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### DarkBASIC Discussion / Real Number problems, using a floating variable to handle cash

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Posted: 25th Sep 2011 19:23 Edited at: 25th Sep 2011 19:53
Okay, making a game trying to use a floating variable Money# to handle cash.

My problem is displaying the variable correctly when the value of this variable is an even dime or dollar (such as \$10.9 for \$10.90 or \$10 for \$10.00)

Right now I am using the following lines of text to place one or two additional zeros of text to compensate:

If i set the money# variable to \$100 at the beginning of the program, that code works correctly.

But if I subtract another money variable, say food# which I set to 1.99 (food#=1.99) and I use the same lines of code, after it is subtracted ten times.. or twenty or any other number of times which my above code should fix, it doesn't fix it. For example 100-1.99 ten times would be 80.1 which my above code SHOULD fix to add an extra "0" to to make it display 80.10.

So to figure out what's going on, I wrote a quick program to display to the screen what's going on here:

from that program, it's obvious that when I set a floating variable at a certain value directly, it sees that r#*10=int(r#*10), but after reducing that variable, even though I display both as being exactly the same value, the program doesn't see them as the same...

My question is WHY and what is the best way to resolve this problem??

Thank you!

- Zaxx

OKAY UPDATE with a POTENTIAL SOLUTION, but I don't understand why this works or the above code doesn't work (Code Insert #2)

Here is my work around:

Notice the changes I made was to make F# a regular variable instead of "F=199" vs the old "F#=1.99"
- Then I simply multiplied my Money# floating variable by 100 before subtracting F ten times in the for/next loop, followed by dividing my money# variable by 100 after the for/next loop.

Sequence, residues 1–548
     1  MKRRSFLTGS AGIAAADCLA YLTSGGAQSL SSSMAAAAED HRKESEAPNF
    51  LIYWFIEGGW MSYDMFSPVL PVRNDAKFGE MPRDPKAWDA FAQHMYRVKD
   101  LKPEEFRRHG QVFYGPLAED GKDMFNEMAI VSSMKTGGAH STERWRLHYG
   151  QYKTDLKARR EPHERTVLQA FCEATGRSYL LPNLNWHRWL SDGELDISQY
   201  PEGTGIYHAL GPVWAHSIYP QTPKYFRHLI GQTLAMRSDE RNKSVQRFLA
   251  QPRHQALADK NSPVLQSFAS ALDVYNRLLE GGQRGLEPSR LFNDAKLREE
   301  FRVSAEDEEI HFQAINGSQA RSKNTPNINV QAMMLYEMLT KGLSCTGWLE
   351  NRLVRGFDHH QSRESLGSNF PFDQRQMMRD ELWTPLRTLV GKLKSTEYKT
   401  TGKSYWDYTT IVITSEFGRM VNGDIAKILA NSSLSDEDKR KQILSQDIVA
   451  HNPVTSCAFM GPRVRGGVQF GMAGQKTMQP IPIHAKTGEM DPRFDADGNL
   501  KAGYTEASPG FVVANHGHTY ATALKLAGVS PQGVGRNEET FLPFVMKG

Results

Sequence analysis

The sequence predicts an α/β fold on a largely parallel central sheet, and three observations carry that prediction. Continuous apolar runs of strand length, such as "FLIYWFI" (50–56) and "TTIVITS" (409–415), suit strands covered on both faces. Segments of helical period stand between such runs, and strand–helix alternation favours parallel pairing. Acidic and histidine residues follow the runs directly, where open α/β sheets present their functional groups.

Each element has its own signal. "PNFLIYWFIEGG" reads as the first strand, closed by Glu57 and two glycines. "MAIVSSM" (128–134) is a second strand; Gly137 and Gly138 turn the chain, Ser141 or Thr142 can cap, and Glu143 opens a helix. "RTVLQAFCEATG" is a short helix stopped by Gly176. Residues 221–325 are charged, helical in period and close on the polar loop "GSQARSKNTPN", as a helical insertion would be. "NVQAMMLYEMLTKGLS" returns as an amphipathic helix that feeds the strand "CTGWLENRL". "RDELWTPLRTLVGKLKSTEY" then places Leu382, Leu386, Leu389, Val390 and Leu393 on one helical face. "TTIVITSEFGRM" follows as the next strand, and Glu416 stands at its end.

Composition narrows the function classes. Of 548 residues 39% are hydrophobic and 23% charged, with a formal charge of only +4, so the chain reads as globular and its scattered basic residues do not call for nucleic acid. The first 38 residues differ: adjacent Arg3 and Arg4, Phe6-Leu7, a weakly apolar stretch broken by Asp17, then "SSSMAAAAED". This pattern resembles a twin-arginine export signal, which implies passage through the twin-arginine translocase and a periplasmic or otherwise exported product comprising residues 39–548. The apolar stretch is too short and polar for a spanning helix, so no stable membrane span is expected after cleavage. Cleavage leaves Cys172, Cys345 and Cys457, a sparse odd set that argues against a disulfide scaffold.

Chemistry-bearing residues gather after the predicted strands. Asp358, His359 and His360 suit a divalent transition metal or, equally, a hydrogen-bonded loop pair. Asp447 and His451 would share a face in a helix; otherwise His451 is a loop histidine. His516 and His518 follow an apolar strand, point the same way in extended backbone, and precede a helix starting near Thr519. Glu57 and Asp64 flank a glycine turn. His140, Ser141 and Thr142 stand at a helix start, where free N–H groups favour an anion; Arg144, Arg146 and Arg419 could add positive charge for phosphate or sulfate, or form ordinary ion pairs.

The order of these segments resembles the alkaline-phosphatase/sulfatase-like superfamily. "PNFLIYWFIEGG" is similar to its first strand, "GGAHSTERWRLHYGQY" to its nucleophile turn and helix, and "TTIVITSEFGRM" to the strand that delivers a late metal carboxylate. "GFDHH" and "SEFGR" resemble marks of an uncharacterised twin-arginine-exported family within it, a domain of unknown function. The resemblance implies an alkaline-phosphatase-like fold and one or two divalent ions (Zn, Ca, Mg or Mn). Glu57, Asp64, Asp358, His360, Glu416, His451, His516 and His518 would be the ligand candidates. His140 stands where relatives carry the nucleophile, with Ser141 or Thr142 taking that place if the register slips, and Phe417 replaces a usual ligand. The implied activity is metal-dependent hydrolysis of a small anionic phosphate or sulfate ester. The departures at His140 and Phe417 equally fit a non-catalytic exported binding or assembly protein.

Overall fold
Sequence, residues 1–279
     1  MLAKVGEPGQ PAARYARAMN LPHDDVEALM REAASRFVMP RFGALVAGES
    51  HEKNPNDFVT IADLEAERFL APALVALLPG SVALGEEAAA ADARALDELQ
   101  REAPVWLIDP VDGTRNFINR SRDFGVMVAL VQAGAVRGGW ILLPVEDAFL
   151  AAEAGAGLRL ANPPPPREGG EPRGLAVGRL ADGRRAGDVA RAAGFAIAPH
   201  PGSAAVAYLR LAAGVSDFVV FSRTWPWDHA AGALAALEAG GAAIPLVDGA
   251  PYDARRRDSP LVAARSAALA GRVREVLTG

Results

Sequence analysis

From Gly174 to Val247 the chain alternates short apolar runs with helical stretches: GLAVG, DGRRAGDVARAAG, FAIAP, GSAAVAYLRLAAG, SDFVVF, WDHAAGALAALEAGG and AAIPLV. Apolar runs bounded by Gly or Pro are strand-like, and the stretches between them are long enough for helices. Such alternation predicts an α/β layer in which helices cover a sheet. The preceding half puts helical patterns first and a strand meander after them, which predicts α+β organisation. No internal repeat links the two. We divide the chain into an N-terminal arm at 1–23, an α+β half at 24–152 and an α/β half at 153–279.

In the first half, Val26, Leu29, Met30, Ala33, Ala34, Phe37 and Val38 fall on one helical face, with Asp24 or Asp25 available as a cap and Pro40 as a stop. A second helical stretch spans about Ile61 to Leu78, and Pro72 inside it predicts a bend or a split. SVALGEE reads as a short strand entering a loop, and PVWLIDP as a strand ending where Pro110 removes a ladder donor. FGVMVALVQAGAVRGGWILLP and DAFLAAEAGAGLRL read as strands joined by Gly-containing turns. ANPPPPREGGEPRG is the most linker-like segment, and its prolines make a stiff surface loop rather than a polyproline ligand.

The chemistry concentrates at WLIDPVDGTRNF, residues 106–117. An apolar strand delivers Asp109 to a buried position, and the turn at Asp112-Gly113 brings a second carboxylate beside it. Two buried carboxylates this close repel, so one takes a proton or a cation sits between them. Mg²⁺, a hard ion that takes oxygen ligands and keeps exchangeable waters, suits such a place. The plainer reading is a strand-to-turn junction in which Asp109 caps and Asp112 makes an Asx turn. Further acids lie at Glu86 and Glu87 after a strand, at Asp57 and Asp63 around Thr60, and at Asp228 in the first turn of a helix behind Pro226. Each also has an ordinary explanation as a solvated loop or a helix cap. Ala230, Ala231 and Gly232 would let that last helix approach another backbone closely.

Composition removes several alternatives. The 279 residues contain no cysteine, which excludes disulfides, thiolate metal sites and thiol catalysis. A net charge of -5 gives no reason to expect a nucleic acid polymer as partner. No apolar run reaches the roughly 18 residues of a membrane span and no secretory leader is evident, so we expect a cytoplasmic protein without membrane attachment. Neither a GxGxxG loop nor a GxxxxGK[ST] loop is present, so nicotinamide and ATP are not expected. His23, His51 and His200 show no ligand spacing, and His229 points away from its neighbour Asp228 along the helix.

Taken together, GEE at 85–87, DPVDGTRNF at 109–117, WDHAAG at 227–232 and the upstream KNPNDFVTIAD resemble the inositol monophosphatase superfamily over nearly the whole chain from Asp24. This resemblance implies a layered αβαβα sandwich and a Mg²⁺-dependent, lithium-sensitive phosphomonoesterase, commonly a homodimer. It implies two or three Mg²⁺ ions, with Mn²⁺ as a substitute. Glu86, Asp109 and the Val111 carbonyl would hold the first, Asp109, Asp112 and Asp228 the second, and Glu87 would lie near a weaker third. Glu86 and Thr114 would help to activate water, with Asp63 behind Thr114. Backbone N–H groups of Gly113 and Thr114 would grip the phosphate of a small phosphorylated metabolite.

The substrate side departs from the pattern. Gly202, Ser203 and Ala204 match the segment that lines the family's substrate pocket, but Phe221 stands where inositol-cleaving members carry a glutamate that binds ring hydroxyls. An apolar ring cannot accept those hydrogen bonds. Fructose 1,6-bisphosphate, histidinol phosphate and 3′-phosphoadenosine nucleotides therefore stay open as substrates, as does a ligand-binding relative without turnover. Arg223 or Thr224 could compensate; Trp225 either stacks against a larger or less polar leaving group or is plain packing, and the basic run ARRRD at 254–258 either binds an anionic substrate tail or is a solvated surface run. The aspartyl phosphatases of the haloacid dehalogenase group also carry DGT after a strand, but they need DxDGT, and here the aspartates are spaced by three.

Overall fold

Why this works and why the code insert #2 above doesn't is beyond me.. I would love an explanation and any advice on better code suggestions if you have them.

Thanks again!

- Zaxx
Posted: 25th Sep 2011 22:32 Edited at: 25th Sep 2011 22:37
I don't use DBC anymore, but some of this is the same with dbpro. It's really all about the fact that the language doesn't directly let you set the precision of floats. DBpro at least (and i assume DBC) does a good job in loosely setting the precion to the variable with the largest decimal places,, but in instances of where it ends in a 0, it truncates that precision. So we wind up with values like 80.1 rather than 80.10,, which is critical in a money program.

Don't use decimals. Simply keep everything muliplied by 100. Than write a routine that converts the value to a string and adds the "." in the string (before the last two characters) for displaying purposes.

IanM had a little snippet he wrote in [DBpro]. Perhaps it will help you in doing something similar in dbc

Quote: "
Switch to double floats, or use integers/double integers and simulate decimal places.
"

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Posted: 26th Sep 2011 00:21 Edited at: 26th Sep 2011 01:00
hi Zaxtor99,

it's for DBC:

EDIT: 23h58, corrected a minor mistake, new code.

@+

DirectX 9.0c (February 2010)/ DBClassic v1.13
Posted: 26th Sep 2011 00:43 Edited at: 26th Sep 2011 01:49
Yes thanks for your input guys!

After zenassem posted I went and wrote this little routine to print
my cash to the screen:

I've changed my program to handle my money with a standard variable vs the floater. So instead of money#=100.00, I now have money=10000 at the beginning of my game. And I use this code insert to read the value of my money variable and print it to the screen correctly. Notice it makes my money output to the screen look correct even when the value is reduced to less then 100 (less then \$1.00) and less then 10 cents as well.

ER is simply a variable before I call my routine to erase the old
dollar value on the screen (if ER=1) before displaying it after updating it by setting ER to 0.

I like your snipet as well Silverman and may use it to make my code neater and more efficient.

Thanks for your help guys!! I was about to pull my hair out trying to work with the decimals and the calculations with the floating variables just making no sense (and cents, lol)

- Zaxx
Posted: 26th Sep 2011 11:47
Your welcome Zaxtor99. Nice work with the routine you coded!!!

btw, I spent some time out in your parts. I was stationed at Mountain Home AFB for 3 years from 94-98. Had a great time out there. I was a whitewater rafting boatsman for the Outdoor Adventure Program for 1 year. Enjoyed the lazy afternoons tubing on the Boise River along the green-belt. Joe's All American & Joe's Down Under saw a lot of my paycheck. Live after 5's (downtown square) & the Balloon Festival made the summers rock. Go Broncos!!!!

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